Kept myself awake, alert, and entertained driving the long road to and from Syracuse yesterday listening to Big Science: Ernest Lawrence and the Invention That Launched the Military-Industrial Complex by Michael Hiltzik. This is my favorite passage of many terrific passages so far, because it’s vivid and well-written and seems to capture the men described so well, and because it strikes me as very Plutarch’s Lives-ish, just waiting for some upstart crow of a playwright to come along and turn it into a tragedy for the stage:
It is the emblematic photograph of Ernest Lawrence and Robert Oppenheimer together in the full bloom of their friendship, long before their personal relations became soured by rivalry, suspicion, and politics. Snapped at Perro Caliente (“Hot Dog”), the New Mexico ranch Oppenheimer leased with his brother, Frank, it is undated, but the time must have been the early 1930s. The friends are both wearing riding boots encrusted up to the calf with desert sand from a recent outing on horseback. Ernest stands evenly balanced on the balls of his feet, like a youthful Mark Antony, in command of his surroundings; he wears a neat checked jacket over a V-necked sweater and a knotted tie, grinning broadly at the camera. Robert slouches against the fender of is Packard automobile, his shapeless dark jacket covered with dust, his hair an unkempt mop, his eyes glaring mistrustfully at the lens from under hooded brows.
What was it that united these men from irreconcilably divergent backgrounds? To those who knew them both during the quarter century in which they joined to create Big Science and dominated American physics, Ernest Lawrence and Robert Oppenheimer were a most enigmatic pair; Ernest, the offspring of Lutheran schoolteachers, raised in the upper Midwest and educated at a land-grant college; Robert, the scion of a Jewish merchant family, the product of Harvard and the great European temples of learning. Lawrence was broad shouldered and athletic (Robert would marvel at his “unbelievable vitality”) and always neatly groomed; Oppenheimer was alarmingly thin and permanently disheveled, a cigarette almost invariably drooping from his lips. Even their personal inconsistencies seemed like photographic negatives of each other’s. Ernest projected the air of worldly bon vivant, but in truth, the work of his lab always came first. Robert projected the air of an ascetic, but his indulgences were manifold and libertine: wine, women, food, music, and politics. Around te time they first met, the extroverted Lawrence was preparing to become engaged to the woman to whom he would remain married all his life; the introspective Oppenheimer arrived in Berkeley with several love affairs under his belt and with more yet to come.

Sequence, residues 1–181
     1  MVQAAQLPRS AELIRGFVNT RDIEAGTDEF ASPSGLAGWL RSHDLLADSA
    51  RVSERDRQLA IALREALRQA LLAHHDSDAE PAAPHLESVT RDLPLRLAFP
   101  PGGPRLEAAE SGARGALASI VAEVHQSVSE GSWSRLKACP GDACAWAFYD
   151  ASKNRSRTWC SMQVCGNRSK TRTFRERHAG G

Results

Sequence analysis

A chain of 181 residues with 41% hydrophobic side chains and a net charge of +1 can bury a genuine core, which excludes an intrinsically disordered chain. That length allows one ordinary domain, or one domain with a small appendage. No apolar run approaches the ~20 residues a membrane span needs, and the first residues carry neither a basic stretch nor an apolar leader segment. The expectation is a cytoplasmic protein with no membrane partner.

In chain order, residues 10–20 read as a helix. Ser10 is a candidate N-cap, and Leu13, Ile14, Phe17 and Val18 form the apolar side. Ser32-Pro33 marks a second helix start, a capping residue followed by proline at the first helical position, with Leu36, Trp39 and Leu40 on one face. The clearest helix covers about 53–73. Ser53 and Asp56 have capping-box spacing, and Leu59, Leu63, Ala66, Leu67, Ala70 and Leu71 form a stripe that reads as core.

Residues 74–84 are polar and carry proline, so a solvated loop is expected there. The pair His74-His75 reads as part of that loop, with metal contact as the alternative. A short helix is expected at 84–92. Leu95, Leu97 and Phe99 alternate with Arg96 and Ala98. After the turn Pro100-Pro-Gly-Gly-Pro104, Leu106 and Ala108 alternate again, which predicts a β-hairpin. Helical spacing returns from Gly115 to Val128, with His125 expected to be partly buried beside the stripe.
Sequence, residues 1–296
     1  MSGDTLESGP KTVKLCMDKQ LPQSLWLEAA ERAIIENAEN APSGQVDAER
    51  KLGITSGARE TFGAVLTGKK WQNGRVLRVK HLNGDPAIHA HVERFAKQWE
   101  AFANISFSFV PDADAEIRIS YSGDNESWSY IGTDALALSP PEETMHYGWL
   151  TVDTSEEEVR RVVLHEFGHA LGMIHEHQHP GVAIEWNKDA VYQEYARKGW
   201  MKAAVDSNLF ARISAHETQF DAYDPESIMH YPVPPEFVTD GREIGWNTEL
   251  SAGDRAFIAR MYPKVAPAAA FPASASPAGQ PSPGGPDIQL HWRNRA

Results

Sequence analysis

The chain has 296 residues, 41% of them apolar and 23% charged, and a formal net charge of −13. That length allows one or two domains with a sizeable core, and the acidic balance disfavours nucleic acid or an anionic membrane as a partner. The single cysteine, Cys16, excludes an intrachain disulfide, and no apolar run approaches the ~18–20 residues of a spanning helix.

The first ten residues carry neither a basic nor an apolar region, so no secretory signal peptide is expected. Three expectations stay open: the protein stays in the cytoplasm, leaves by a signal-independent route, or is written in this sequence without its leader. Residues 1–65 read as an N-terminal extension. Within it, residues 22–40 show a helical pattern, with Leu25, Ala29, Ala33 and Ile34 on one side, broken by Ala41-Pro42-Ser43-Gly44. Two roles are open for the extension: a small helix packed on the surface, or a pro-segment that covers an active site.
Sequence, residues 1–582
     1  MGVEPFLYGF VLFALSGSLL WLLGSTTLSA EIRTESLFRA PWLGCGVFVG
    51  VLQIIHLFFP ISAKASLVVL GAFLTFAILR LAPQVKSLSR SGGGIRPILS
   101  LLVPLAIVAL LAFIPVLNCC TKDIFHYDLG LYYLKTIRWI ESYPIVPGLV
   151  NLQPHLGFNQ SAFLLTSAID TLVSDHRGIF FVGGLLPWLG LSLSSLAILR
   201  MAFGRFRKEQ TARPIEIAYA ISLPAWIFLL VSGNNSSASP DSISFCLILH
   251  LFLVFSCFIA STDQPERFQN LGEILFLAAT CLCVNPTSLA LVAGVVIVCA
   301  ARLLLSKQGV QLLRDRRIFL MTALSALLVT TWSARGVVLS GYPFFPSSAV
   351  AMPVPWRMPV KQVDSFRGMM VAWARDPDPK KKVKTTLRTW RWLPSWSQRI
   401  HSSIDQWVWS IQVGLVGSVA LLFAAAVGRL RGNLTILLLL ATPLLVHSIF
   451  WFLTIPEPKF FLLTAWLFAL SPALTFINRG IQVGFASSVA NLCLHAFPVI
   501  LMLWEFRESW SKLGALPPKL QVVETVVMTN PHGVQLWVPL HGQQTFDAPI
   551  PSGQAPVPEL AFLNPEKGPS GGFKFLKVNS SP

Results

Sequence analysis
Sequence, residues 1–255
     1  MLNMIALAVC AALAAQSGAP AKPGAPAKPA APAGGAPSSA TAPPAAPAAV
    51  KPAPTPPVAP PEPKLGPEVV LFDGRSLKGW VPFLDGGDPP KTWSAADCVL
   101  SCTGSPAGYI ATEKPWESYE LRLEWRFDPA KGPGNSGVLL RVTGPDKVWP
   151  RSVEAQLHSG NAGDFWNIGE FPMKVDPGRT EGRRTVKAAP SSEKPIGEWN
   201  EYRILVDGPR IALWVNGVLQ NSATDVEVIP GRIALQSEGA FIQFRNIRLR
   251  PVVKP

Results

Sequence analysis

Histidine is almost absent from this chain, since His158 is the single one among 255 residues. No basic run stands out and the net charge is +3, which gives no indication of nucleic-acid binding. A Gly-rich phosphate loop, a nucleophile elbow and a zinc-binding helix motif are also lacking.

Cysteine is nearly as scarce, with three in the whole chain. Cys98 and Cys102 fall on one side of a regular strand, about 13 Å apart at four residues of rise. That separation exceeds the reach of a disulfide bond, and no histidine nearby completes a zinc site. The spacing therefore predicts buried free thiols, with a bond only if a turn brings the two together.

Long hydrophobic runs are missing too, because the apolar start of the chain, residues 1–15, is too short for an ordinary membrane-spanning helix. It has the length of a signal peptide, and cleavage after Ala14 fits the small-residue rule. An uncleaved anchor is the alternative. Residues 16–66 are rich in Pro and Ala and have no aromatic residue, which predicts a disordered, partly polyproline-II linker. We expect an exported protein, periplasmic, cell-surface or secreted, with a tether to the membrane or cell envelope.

The common force in their lives was physics. But that is an incomplete answer, for their approaches to science were also divergent: Oppenheimer was a theorist who could barely turn a bolt with a wrench; Lawrence an experimentalist whose inspired gadgetry transformed how physics---including Oppenheimer’s physics---was done. Perhaps that was the secret. They seemed to be complementary pieces making a whole, the way particle and wave manifestations together defined a photon.